Classic Movie Review: Still Alice (2014)

Posted: September 7, 2015 in Drama
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stillalice

Alice Howland (Julianne Moore)is a highly accomplished linguistics professor at Columbia University, with a motivated and successful husband, John (Alec Baldwin) who’s a doctor, and three kids. Her son Tom, (Hunter Parrish) is a doctor, her older daughter Anna,(Kate Bosworth) is a lawyer, and younger daughter, Lydia (Kristen Stewart) is a struggling actress.  Alice just turned 50, and feels like there is nothing she can’t accomplish.  But while jogging, Alice forgets where she is, and struggles to get home.  Soon thereafter, she visits her neurologist, Dr. Benjamin (Stephen Kunken) and finds out she has early onset Alzheimer’s disease.  Alice learns to overcompensate for her memory loss, but soon there is no hiding the ravages of the disease.  It is hereditary, so Alice worries about Anna who is pregnant with twins, and whether Tom or Lydia will pass the gene on. She worries about Lydia’s career choice, and wants her to go to college, an idea Lydia bristles at.  John gets an offer to go to the Mayo Clinic, and wants to move Alice to Minnesota with him, but as Alice’s mind deteriorates, who will give her the care she needs?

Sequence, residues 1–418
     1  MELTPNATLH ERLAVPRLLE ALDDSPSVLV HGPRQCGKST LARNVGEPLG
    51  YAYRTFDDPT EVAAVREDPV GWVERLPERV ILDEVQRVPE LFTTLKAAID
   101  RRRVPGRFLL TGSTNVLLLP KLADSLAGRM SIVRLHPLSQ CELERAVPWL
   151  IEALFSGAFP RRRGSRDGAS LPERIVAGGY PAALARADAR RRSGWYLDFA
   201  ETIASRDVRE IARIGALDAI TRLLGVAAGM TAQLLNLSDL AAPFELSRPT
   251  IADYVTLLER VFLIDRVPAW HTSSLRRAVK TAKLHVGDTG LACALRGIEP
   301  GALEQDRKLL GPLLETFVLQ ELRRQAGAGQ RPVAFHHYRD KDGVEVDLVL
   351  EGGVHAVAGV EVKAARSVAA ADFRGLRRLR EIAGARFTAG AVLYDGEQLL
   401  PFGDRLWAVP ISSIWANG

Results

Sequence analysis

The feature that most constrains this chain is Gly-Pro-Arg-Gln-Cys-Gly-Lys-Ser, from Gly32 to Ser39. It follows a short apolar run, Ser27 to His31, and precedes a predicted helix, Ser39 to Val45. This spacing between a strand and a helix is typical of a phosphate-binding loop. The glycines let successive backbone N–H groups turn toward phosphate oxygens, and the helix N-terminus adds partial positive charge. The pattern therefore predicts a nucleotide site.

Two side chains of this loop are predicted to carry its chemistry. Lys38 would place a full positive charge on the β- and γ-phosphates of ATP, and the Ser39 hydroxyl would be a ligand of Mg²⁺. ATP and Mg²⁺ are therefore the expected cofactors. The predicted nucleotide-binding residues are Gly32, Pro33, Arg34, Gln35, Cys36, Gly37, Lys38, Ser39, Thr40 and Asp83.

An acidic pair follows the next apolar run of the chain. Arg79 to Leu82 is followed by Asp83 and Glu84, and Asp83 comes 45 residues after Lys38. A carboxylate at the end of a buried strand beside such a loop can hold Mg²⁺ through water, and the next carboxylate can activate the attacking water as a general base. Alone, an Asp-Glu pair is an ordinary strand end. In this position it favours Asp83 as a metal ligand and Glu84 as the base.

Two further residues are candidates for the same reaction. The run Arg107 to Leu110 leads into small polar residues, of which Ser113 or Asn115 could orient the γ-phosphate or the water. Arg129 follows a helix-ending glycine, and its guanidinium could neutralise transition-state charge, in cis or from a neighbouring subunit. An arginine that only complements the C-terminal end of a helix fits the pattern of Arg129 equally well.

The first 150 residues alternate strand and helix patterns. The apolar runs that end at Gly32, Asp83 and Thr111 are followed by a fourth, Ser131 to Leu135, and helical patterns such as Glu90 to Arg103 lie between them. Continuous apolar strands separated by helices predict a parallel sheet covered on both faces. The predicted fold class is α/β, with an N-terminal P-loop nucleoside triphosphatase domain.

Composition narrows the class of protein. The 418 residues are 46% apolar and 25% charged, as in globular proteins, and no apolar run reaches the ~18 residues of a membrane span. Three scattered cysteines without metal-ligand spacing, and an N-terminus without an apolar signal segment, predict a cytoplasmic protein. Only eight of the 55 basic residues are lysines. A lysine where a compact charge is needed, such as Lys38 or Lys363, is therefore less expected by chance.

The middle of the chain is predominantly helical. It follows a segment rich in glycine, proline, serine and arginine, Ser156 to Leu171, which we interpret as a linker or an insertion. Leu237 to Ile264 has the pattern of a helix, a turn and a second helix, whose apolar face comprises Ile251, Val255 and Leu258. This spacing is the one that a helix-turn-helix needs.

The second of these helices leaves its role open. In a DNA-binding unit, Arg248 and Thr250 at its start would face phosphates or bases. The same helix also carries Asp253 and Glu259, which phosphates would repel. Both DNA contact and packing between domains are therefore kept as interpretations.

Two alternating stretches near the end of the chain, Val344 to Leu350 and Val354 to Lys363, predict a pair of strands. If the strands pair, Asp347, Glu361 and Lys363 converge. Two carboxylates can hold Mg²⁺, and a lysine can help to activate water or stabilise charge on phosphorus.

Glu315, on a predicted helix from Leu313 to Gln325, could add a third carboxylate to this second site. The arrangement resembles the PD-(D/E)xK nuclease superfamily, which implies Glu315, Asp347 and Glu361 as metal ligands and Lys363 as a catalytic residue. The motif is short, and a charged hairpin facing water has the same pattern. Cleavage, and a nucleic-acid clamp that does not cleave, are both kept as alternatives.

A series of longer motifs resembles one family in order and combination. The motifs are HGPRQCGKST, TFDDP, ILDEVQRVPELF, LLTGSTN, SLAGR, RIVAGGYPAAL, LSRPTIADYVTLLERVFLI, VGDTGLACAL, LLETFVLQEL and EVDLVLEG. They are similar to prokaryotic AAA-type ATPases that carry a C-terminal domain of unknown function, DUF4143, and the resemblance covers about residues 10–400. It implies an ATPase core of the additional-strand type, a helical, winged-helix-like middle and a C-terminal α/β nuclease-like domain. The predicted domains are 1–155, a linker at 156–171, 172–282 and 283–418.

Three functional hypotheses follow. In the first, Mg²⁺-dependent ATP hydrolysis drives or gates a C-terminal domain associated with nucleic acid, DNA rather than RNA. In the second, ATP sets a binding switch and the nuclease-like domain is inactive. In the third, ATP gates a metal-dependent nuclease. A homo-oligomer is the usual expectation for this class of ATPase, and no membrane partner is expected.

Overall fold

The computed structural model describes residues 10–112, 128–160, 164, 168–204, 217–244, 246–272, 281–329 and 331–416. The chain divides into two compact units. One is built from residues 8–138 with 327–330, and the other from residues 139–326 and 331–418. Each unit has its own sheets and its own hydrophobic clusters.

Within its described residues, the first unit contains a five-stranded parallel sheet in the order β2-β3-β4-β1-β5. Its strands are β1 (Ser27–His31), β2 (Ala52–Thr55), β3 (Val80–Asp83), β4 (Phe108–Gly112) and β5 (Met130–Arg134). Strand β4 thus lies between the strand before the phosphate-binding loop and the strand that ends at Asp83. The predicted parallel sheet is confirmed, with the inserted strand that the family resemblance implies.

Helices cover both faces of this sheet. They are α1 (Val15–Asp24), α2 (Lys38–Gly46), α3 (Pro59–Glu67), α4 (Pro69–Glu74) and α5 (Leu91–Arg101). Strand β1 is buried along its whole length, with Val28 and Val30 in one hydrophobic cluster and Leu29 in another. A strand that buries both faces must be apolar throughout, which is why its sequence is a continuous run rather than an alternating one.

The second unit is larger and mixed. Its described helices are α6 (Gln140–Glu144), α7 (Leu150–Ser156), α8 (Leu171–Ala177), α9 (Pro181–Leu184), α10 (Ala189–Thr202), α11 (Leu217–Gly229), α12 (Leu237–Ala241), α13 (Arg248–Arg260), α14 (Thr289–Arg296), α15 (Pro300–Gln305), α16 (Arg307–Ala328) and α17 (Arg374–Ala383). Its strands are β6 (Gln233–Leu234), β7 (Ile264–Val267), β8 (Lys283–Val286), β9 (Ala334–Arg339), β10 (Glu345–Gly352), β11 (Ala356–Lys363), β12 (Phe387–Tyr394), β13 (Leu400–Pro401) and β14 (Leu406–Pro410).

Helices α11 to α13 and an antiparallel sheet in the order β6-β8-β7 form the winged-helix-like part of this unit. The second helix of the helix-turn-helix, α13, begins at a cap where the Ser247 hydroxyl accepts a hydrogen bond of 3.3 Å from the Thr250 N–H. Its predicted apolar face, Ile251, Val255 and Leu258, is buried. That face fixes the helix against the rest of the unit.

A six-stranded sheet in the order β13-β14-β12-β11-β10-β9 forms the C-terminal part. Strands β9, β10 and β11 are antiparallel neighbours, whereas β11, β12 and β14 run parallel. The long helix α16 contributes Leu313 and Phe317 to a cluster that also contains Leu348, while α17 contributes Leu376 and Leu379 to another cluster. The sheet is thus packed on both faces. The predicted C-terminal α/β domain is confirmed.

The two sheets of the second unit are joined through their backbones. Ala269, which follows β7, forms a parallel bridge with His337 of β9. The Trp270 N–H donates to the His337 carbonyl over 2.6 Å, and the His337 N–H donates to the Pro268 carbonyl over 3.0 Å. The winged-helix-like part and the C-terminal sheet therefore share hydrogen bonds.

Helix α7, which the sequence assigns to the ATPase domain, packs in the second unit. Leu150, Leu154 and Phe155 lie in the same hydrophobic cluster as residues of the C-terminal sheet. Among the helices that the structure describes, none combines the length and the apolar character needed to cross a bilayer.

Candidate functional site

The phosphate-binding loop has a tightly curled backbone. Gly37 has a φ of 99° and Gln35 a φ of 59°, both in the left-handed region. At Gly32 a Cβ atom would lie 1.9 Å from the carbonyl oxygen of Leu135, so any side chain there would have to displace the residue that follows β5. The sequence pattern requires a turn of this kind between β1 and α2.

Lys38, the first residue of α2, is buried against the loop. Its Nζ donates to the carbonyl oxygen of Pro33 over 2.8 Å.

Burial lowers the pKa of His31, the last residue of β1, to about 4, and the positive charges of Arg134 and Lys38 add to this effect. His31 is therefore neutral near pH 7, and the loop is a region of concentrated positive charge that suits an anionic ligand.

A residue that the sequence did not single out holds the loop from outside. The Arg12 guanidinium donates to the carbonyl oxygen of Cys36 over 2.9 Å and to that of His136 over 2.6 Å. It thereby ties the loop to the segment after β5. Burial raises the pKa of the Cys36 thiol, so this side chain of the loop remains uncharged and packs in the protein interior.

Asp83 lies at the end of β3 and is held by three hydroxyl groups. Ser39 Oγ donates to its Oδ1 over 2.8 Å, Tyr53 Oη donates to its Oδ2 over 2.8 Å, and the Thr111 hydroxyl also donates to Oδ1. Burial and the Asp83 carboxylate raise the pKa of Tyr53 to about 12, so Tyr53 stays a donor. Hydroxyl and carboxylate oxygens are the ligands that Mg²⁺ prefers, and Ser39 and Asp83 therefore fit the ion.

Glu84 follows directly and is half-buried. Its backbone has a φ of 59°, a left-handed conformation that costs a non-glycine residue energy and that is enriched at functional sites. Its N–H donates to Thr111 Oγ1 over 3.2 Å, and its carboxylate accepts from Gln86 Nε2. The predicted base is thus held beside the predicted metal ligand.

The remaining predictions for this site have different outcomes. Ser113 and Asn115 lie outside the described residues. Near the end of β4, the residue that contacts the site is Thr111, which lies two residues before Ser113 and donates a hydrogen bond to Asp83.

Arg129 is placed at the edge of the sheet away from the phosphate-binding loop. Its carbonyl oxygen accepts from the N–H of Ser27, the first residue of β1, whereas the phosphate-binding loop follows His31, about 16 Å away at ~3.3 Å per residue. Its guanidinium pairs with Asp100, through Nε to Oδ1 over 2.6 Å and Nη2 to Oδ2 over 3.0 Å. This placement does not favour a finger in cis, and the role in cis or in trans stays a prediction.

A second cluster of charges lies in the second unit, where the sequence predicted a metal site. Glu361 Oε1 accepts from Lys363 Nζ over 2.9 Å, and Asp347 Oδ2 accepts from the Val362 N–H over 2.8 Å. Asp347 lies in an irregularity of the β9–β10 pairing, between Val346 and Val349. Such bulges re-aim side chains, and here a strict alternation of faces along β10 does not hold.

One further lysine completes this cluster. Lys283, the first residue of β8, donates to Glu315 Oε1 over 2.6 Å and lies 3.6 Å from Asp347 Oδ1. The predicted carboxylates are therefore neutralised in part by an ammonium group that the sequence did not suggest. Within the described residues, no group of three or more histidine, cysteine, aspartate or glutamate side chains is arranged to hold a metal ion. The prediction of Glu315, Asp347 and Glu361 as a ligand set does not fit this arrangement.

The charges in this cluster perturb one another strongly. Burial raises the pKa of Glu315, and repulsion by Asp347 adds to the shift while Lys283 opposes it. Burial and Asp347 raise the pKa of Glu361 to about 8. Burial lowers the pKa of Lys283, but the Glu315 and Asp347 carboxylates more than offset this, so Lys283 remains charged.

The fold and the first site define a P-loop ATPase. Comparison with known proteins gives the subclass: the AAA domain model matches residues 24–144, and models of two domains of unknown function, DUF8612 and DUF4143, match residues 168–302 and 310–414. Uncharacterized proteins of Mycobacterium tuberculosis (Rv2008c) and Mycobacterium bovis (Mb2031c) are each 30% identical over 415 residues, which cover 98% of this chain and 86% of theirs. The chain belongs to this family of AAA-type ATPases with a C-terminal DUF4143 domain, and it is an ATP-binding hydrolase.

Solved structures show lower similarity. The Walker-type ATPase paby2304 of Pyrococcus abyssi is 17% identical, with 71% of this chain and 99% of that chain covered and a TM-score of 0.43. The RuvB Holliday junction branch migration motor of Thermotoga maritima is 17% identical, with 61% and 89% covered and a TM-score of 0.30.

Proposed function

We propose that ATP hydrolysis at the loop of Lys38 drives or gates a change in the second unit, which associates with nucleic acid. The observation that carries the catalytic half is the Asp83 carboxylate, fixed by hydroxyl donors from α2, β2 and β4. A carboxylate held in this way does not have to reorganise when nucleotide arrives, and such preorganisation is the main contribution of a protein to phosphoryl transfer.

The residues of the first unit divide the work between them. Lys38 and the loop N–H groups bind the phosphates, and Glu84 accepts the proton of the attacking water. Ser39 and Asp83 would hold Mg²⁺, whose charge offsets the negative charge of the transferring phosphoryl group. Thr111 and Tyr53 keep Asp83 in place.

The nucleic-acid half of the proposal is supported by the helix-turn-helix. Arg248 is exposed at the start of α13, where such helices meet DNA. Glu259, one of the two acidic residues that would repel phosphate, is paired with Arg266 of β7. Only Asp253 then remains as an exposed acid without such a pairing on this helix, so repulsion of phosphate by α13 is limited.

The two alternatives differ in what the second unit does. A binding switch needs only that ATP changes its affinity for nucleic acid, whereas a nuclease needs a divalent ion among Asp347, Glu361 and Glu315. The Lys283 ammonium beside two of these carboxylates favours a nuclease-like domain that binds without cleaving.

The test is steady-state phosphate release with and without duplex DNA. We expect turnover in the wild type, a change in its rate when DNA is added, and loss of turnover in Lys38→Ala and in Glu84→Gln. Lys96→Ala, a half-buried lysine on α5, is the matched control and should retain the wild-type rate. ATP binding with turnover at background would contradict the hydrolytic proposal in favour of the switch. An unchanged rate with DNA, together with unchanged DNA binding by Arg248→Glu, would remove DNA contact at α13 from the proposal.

Still Alice is a wonderfully sober look at memory loss and dementia.  There are no magic pills or panacea offered, just a gripping look at how a strong, vital and woman loses all her mental acuity.  It’s sad, but not depressingly so, the characters are real, and not just instantly supportive of Alice.  John has his own career to worry about, Lydia wants to be an actress, with no safety net.  Anna has to suddenly worry about herself or her kids having this debilitating disease.  All the subplots are woven seamlessly into the main story, and it all works.

The acting is superb, Julianne Moore won the Oscar for her performance and deservedly so, she gives a riveting performance as Alice, the viewer can’t help but follow her on her journey to dementia, she portrays the character so realistically, that the viewer feels every memory lapse as if it was happening to them.  There is not one false note in her performance.  Moore somehow fills the performance with hope, Alice’s speech to the Alzheimer’s association is spellbinding.  Alec Baldwin is equally strong as the likeable but somewhat self-centered husband, he’ll take care of Alice but he also wants to fulfill his goals,  Kristen Stewart gives a surprisingly strong performance, as the prodigal daughter, who is headstrong and still fighting for her own identity in this overachieving family.

The direction was also effective, every time Alice would have one of her memory lapses the picture would get fuzzy and the music would become discordant, so it became both a visual and auditory signal that something was wrong.  There were flashbacks to Alice’s childhood that looked like home movies, so there was a lot of effort to make this a visual movie as well as a character study.  The directors got great performances from Moore and Baldwin, and Kristen Stewart, who’s probably just happy to be done with the Twilight films.

Still Alice:  A shadowy trip down  Memory Lane.

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